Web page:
For all the participants, spaces of public transit stations have been a stage of social drama, exclusion, discrimination, and racialisation; spaces where intercultural encounters fail, the threshold of tolerance is crossed, bodies are read and judged based on race, beard, veil, dress, gender, age, size, language, and the objects they carry. For the participants, especially women, some of the most problematic and challenging interactions they experienced occurred while waiting at a bus or tram stop. Both transit vehicles and stops are places where religious minorities are highly visible. This visibility can increase their vulnerability while also decreasing their accessibility. Some participants argued that their visibility in and around public transport stations increase tensions. Such encounters makes the normal, everyday space of a bus or tram stop a dangerous space.
The most occurring experience is the weird, lengthy, bitter, judgemental looks. The interviewees stated that they have to deal with frequent, long looks which suggest feelings such as being judged or unwelcome. As Salma in Tallinn says, “Seeing a woman of another colour with a different dressing makes them look at me and some even stare [which make me] feel uncomfortable because of the judgemental looks and silent stares.” These looks can be read as informal negative sanctions, attempts to discipline and regulate the perceived deviant behaviour of Muslims. These looks expect conformity and perform as a method of surveillance and control. Thus, there is a tone to the visual which informs the gazer’s intention. As Salma felt, the gaze is never neutral but charged in a way that makes her uncomfortable.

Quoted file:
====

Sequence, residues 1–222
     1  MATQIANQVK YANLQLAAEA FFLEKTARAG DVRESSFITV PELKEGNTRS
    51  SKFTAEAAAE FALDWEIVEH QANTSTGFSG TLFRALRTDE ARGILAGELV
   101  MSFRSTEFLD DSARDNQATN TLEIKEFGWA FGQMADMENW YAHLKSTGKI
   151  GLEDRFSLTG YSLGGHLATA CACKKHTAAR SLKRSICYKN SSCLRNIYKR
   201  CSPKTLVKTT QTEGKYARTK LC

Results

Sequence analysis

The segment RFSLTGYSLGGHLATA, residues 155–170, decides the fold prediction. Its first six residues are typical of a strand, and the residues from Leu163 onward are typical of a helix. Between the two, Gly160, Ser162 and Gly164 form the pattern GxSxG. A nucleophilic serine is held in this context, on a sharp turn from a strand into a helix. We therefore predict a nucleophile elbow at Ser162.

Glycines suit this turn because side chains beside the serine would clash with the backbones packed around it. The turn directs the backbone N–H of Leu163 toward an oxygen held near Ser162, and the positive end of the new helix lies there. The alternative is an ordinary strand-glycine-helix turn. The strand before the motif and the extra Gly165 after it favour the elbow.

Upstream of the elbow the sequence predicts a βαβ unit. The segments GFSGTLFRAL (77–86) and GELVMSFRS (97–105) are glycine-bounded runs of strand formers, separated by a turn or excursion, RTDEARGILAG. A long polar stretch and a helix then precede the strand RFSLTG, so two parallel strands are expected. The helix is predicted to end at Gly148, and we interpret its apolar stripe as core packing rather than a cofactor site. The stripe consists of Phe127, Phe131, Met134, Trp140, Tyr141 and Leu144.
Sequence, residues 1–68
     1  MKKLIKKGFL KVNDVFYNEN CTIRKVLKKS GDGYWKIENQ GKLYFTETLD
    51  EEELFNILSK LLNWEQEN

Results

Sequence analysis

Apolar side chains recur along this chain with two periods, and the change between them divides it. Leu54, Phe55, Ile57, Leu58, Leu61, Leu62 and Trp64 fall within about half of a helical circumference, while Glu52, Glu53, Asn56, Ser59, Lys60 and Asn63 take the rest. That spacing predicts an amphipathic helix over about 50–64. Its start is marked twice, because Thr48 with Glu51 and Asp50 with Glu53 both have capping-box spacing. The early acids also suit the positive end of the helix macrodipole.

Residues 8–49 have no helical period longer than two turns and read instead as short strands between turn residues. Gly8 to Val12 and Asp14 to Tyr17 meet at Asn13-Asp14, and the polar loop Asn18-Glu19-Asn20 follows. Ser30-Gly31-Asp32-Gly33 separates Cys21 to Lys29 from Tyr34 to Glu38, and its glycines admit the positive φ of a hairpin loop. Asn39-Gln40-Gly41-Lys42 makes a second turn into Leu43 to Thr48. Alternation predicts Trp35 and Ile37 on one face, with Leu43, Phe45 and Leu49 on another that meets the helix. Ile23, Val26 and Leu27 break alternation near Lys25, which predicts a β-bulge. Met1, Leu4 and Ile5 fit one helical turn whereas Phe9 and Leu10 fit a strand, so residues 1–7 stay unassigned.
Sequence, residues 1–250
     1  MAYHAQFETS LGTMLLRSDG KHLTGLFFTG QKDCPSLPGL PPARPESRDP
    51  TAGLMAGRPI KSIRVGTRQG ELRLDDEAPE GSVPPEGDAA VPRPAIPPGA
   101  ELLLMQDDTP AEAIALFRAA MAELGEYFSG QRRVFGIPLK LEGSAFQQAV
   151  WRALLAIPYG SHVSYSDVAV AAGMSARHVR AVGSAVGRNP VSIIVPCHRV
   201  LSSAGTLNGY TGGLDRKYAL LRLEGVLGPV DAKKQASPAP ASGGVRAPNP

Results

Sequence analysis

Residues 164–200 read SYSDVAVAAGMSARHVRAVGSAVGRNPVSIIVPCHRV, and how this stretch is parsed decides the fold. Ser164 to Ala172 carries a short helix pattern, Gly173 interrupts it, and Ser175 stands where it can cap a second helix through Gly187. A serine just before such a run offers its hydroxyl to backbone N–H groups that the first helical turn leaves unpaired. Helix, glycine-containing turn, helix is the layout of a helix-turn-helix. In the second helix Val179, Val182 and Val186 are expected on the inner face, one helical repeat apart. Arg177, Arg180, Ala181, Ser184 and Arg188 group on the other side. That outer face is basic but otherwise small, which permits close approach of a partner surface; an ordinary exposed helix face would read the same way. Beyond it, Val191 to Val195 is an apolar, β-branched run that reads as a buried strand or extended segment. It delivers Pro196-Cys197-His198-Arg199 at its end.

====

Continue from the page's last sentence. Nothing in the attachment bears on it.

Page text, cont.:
Encounters on the move never take place in a vacuum; they are politically, pedagogically, historically, spatially, and emotionally charged with material conditions and power. In one way or another, most of the participants have been subjected to comments from their fellow passengers. As examples, they mentioned utterances such as “Jesus is going to burn you in hell,” “crappy foreigners,” “go back to your country,” or “Muslims are terrorists”. By reproducing the religious Other, the ethnonational Other, and the dangerous Other respectively, these utterances demarcate boundaries and redefine the bodies of Muslim passengers as a body out of place.